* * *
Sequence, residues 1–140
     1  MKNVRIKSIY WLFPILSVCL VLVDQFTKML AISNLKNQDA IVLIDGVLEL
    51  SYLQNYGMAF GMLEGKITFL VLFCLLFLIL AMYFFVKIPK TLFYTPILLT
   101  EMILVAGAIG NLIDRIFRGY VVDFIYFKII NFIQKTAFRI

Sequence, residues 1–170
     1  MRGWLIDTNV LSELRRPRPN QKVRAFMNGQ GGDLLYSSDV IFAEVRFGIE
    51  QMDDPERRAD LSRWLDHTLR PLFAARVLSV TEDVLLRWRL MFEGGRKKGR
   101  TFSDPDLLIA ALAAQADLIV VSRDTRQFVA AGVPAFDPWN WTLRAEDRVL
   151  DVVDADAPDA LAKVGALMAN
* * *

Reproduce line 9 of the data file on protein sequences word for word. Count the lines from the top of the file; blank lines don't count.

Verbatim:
   151  DVVDADAPDA LAKVGALMAN